Monday, November 14, 2005


Their nationalized health insurance is supposed to cover Scots for dentistry but getting what you have paid for is of course a problem whenever you cannot take your business elsewhere

The crisis in Scotland’s dental services was underlined yesterday when it emerged that more than 57,000 Scots have had their registration with an NHS dentist withdrawn in the past two years. The figures was described as “shocking and unacceptable” by opposition parties and were revealed only weeks after the Scottish Executive announced that 32 dentists from Poland were to be recruited next year in an attempt to close the growing gap in provision. In 2002, 24,844 Scots were deregistered and this year already, the figure has reached 32,713....

Ms Marwick said the figures supported the anecdotal evidence that many MSPs were receiving from constituents about the problems they are facing in their search for dental treatment. “Withdrawing NHS services from patients is only deepening the crisis facing dentistry in Scotland, increasing the number of people who do not have an NHS dentist and are unable to pay for private treatment,” she said. Ms Marwick added: “There are thousands of people, both young and old, in Scotland who are entitled to free NHS dentistry who now cannot find a dentist prepared to treat them.”

As well as the influx of Polish dentists to Scotland, the Executive, which has pledged to recruit 200 dentists by 2008, disclosed that several of the country’s health boards were in talks with an independent health company to provide NHS dental treatment in those areas facing the most severe service problems.

Over the past year in parts of Scotland there have been repeated scenes of hundreds of people queueing to register with a dentist. Thousands of people throughout the country have been forced to re-register as private patients after their dental practice opted out of the health service. Scotland’s dentists have rejected a £295 million package from the Executive that would have allowed thousands of people the opportunity of treatment on the NHS. The Dental Action Plan was intended to help to lure dentists back from the private sector, but talks broke down after the British Dental Association said that the package would force its members to treat a set number of adults on the NHS before receiving the money.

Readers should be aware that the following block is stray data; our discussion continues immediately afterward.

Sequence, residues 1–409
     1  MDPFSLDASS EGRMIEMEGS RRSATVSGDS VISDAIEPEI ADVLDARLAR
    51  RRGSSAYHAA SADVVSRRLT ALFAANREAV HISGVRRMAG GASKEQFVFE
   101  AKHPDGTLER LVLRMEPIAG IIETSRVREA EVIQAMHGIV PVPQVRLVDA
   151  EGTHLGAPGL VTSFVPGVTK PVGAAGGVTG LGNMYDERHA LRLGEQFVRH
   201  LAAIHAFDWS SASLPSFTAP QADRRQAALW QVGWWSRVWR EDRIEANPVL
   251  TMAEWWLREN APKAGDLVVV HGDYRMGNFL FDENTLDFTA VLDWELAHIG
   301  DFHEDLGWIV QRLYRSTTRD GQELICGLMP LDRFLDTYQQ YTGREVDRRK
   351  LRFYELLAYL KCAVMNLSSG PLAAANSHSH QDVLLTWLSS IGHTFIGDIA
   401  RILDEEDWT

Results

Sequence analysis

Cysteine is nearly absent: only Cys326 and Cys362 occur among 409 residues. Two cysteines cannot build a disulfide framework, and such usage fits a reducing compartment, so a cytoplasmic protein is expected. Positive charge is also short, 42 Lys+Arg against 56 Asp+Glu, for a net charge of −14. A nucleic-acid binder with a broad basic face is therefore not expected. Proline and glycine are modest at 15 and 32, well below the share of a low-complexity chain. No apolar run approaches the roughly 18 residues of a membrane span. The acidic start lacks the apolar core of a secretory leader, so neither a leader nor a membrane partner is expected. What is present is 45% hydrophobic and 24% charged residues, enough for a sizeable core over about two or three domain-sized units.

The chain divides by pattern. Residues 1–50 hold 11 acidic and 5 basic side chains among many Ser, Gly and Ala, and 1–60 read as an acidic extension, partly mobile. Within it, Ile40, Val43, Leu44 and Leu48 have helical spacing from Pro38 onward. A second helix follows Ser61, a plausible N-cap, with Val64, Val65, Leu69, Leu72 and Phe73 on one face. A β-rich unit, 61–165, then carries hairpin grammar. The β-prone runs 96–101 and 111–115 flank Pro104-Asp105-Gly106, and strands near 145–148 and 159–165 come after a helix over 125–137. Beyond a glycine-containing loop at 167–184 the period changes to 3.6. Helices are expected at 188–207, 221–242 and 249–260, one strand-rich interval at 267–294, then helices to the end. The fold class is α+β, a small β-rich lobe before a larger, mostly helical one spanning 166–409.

The Executive sees the level of commitment to the NHS from the dentists as the main stumbling block to resolving the situation. The association maintains that it rejects the ministers’ “all-or nothing” approach and it has dismissed the Executive’s recruiting drive in Poland as “a short-term measure”. The Executive is committed to giving all Scots a free dental check-up by 2007, an initiative to be phased in over the next 18 months — putting even more pressure on dentists working within the NHS. It pointed out last night that the statistics showed only the number of people who had been deregistered and did not take into account the number of Scots who had re-registered elsewhere.

Mr Macdonald said that it was disappointing that some dentists chose to deregister NHS patients. “Patients should feel free to tell dentists what they think about that decision,” he said. “We announced a massive funding package earlier this year — an extra £295 million over three years — and no other government in history has invested so much in Scotland’s dental care. “We have always acknowledged that the current difficulties around accessing NHS dental services would not be solved over night.”

More here


For greatest efficiency, lowest cost and maximum choice, ALL hospitals and health insurance schemes should be privately owned and run -- with government-paid vouchers for the very poor and minimal regulation. Both Australia and Sweden have large private sector health systems with government reimbursement for privately-provided services so can a purely private system with some level of government reimbursement or insurance for the poor be so hard to do?

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